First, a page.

The good news of eternal life is wonderfully entrusted to God’s people. Therefore, witnessing should be considered as something holy, something sacred.  Those who witness must use discretion in presenting the gospel. This is not an easy matter to decide, but must be Spirit directed.

The Bible teaches the Holy Spirit prohibited the early disciples from going into certain areas. In Acts 16:6 we read of how Paul wanted to go into Bithynia to preach the gospel, “but the Spirit suffered them not. And they passing by Mysia came down to Troas.”

As the Holy Spirit did not allow the gospel to be preached in certain areas, the Spirit gave freedom of utterance in other instances.

In Acts 8:29 the “Spirit said unto Philip, Go near, and join thyself to this chariot. And Philip ran thither to him [the Ethiopian] and heard him read the prophet Isaiah and said unto him, Understandest thou what thou readest? And he said, How can I except some man should guide me? And he desired Philip that he would come up and sit with him.”

The gospel message is not only holy, it is also valuable, like a fine string of pearls. Jesus pressed His point of proper discretion by saying, “neither cast ye your pearls before swine.”

Once again, the language seems harsh, but the Fall of Man has made him in some respects like an animal, unable to appreciate the things of the Spirit. An animal has no regard for the most expensive jewelry. A swine will trample under foot that which man holds to be most valuable.

In like manner, there are those who have no respect for the gospel. They will mock and destroy all that is holy and decent. The Bible teaches that Esau was like this. The author of Hebrews calls him a profane person (Heb. 12:16). Esau despised his spiritual responsibilities, wanting only to eat, like a pig. He sold his soul for a bowl of food.

The gospel demands respect.  The gospel exhortation comes. Let us be careful to be led by the Spirit in our noble desire to evangelize the lost, and minister to the Church.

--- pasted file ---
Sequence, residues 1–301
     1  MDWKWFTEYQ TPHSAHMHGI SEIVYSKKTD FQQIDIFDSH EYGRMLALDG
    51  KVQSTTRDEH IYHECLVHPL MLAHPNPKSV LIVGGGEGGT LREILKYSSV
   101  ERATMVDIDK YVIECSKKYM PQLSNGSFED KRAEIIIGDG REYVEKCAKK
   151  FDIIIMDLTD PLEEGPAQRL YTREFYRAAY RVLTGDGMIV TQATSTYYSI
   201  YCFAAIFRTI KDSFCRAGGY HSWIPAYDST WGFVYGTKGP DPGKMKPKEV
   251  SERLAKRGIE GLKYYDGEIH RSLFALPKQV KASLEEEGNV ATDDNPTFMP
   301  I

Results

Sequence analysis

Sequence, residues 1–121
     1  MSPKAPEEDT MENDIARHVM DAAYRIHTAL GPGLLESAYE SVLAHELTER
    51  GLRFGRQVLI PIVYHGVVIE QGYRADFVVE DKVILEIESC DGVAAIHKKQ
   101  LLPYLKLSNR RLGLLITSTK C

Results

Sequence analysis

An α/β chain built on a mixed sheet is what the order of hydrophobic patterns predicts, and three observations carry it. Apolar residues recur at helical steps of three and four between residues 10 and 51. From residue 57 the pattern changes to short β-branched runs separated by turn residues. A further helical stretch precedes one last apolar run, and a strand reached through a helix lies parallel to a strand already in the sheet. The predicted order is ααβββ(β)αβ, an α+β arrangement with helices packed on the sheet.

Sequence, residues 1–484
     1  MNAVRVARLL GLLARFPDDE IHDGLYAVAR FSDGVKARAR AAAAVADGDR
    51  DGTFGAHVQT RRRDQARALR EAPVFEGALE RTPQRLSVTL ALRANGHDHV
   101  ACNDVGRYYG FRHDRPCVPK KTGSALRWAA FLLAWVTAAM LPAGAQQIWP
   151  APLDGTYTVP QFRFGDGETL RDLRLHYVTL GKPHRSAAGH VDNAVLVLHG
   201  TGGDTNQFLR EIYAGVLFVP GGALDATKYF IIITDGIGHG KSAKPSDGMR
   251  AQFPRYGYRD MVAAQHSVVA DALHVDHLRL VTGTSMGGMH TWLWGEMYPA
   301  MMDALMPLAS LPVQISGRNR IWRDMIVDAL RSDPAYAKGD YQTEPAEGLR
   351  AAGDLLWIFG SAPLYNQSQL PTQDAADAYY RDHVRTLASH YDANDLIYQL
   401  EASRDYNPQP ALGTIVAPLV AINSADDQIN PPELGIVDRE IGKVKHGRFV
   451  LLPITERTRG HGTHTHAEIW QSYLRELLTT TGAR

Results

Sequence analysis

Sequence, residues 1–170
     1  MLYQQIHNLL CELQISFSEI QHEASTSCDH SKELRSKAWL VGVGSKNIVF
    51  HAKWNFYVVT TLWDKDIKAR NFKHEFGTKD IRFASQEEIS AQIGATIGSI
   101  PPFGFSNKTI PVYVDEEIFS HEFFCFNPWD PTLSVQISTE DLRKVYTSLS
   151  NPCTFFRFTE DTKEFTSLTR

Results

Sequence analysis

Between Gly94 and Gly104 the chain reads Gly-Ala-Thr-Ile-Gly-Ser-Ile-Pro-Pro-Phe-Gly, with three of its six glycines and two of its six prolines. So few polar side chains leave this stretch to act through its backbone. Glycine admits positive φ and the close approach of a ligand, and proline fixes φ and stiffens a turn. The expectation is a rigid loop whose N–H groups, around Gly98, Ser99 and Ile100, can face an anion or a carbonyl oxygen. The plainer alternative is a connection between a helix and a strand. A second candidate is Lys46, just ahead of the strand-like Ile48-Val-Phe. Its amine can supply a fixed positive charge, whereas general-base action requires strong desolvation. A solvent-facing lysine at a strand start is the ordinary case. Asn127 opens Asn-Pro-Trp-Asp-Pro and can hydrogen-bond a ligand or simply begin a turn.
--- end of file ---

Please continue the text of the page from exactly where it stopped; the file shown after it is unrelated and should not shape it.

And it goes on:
We develop methods of evangelism, which are helpful tools, but we must not forget the teaching of Jesus, or the inner ministry of the Spirit, and our dependency on Him. It is possible to make superficial converts to Christ. All the Church must do is offer the equivalent of an environment of what John Bunyan called, “Vanity Fair.” Fun, games, loud raucous music, entertainment, beach balls bouncing in the worship service to prepare for the sermon. A message of health, wealth, and self-esteem. Let the good times roll. Grace is cheap. To believe is easy. Saying “Yes!” to four general points, and reciting a prepared prayer is all it takes to go to heaven.

Bible doctrine?                       Boring!

Conviction of sin?                  Stop the judging!

A cross?                                  Who wants to hear about a bloody sacrifice?

Repentance?                            Love means you never have to say you   are sorry.

“It is not possible to reach the Celestial City without passing through Vanity Fair, unless a person goes out of the world altogether. Even Christ passed through it, and Beelzebub offered to make him Lord of the Fair in exchange for Christ’s worship of him, but Christ resisted this temptation,” and so must the Church (LitCharts).

Why? Because, as we shall soon discover in Matthew 7:13, 14, salvation is rare, and difficult, according to Jesus.

How to Relate to God

In addition to being careful to whom we try to minister, the gospel demands duties, and one of the duties of the Christian is to pray. Jesus encourages the saints to pray by saying, “Ask and it shall be given.” “If I ask, God will answer.”

One of the major reasons why the problems of life overwhelm many Christians, is because the prayer life is not engaged, or it is not engaged well. Prayer is one of the most challenging tasks the believer faces, in part because prayer conflicts with our natural lives. A thousand thoughts suddenly pour through the mind during moments of meditation. A hundred voices give advice.  Meanwhile there is the opportunity to have a dialogue with Deity.